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Bangladesh: “Girls are fighting child marriage. And they’re winning.”

Girl and boy play soccer outside

Anannya, 16, is fighting to change gender norms in her village. All photos by CARE Bangladesh

Anannya, 16, is fighting to change gender norms in her village. All photos by CARE Bangladesh

Anannya dreamed of playing soccer.

She didn’t dare to dream of playing soccer professionally, though, dazzling crowds under stadium lights on a world stage — Anannya simply wanted to go outside in her small village in northwestern Bangladesh and kick a soccer ball around with her friends.

But she couldn’t.

As a girl in Pirgacha, she says it was “unthinkable” for her to play a game that millions of girls and boys around the world play every day.

“Girls wanted to play sports,” Anannya says, “but we weren’t allowed to participate in outdoor games.”

Deeply entrenched cultural norms and religious beliefs about what girls can —and can’t — do has shaped the lives of young people growing up in Pirgacha for generations.

Often, these norms drive girls Anannya’s age into enforced marriages, agreed upon by families or outside parties, without the girls’ consent or opinion.

Girl with Soccer Ball
Until recently, Annanya says it was "unthinkable" that she could play soccer in her village.

According to UNICEF, South Asia has the highest rates of child marriage globally, with nearly 1 in 2 girls married before the age of eighteen.

Bangladesh in particular has one of the highest rates of child marriage in the world.

Since 2013, CARE’s Tipping Point program has focused on identifying the causes of child marriage in areas like Pirgacha, and they’ve worked to support girls and their families as they push back against harmful gender norms in order to create alternative paths for adolescent girls.

In Pirgacha, Tipping Point began gathering parents together to make the case for allowing girls to play and challenging the traditional ways of seeing girls in the world.

“Ever since then, things have looked better for us,” Annanya says of herself and the other girls in Pirgacha.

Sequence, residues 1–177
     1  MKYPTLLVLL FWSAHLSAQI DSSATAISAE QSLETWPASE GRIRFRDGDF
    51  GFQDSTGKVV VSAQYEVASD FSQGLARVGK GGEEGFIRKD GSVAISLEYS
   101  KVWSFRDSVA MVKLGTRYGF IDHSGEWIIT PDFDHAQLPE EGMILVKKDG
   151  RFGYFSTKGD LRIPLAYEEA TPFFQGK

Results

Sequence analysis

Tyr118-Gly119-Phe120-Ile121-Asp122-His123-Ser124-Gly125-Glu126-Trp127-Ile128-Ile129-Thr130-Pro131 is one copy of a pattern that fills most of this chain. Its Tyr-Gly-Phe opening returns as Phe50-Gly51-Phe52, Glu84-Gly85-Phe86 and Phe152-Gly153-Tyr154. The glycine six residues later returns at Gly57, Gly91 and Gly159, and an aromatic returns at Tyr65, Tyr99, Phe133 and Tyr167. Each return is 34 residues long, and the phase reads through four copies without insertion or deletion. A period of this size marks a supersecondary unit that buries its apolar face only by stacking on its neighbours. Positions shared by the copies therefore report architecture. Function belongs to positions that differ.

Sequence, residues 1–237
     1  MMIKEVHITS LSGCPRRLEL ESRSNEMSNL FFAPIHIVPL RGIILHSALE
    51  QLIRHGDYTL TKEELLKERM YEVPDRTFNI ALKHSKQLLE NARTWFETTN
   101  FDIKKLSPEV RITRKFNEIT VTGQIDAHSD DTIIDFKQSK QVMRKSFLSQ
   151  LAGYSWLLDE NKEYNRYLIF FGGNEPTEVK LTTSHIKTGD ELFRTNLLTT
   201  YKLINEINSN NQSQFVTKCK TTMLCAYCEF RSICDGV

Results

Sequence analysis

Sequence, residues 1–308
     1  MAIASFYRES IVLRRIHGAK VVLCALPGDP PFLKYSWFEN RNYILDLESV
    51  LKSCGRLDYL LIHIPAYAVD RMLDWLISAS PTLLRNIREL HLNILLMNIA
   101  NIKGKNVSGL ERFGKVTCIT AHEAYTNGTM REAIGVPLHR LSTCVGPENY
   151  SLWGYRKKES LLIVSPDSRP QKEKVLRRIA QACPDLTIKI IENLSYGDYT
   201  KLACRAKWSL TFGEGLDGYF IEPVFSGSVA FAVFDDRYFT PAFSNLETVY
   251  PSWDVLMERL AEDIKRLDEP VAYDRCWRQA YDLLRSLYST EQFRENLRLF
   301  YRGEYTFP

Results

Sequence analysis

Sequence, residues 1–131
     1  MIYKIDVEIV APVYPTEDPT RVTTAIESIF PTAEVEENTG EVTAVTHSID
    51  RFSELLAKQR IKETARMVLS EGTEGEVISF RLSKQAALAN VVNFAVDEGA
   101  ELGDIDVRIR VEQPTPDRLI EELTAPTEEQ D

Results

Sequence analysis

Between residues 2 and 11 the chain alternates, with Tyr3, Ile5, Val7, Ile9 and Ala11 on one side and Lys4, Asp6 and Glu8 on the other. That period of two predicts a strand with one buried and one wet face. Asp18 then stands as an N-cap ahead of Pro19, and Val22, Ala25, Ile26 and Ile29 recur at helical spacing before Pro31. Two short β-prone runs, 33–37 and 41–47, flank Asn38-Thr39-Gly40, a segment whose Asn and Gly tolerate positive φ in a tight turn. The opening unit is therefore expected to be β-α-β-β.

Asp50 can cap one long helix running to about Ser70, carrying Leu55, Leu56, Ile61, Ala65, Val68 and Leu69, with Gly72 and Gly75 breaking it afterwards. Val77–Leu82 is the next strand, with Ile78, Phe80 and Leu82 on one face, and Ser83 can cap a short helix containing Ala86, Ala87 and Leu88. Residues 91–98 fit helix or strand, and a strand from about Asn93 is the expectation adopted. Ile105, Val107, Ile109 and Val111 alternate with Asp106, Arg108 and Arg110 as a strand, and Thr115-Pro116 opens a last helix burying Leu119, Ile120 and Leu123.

“We now participate in cricket, soccer, and other local games.”

The conversations were difficult, but Tipping Point and other allies helped get Anannya out into the open.

With the help of the Tipping Point program, Annanya and her friends have challenged the village gender norms.

Beyond short-term solutions

Sumaiya dreamed of college in Rangpur City.

But, like Anannya, her dreams seemed unthinkable, because of how her family and community saw her. Although she was the oldest child, her family wanted her to stay close to home so she could be married.

Her aspirations, she says, were not valued.

Sumaiya, 16, says her family wanted her to stay close to home so she could be married.
Sumaiya, 16, is fighting for access to education.

The United Nations calls child, early, and forced marriage (CEFM) an explicit violation of human rights. The deeply-rooted gender inequality in their communities makes adolescent girls like Sumaiya and Anannya extremely vulnerable to CEFM.

CARE sees gender inequality as a fundamental driver of the problem, and the Tipping Point program works to both increase girls’ individual skills and confidence, while also engaging men and boys as allies in the fight to fulfill girls’ rights.

For Sumaiya, this has meant a lot of difficult back and forth about the importance of education. But now she’s been admitted to the Begum Rokeya College in Rangpur City, and she’s gained her family’s support.

“You’re my oldest child,” her father says now.

“Even if I have to sacrifice my meal to afford your education, I will.”

By the end of the third phase of the decade-long Tipping Point program, CARE expects over 9,500 people in Nepal and Bangladesh to directly participate, with roughly 6,500 women and girls. Indirectly, CARE expects the program to impact nearly 28,500 people, including approximately 21,000 women and girls, as well as 7,500 men and boys.

“Girls are fighting child marriage. And they’re winning,” says Anne Sprinkel, CARE’s Tipping Point project director. “Successes like Anannya’s and Sumaiya’s show not just their families but also their communities and their countries what girls can do when treated equally.”


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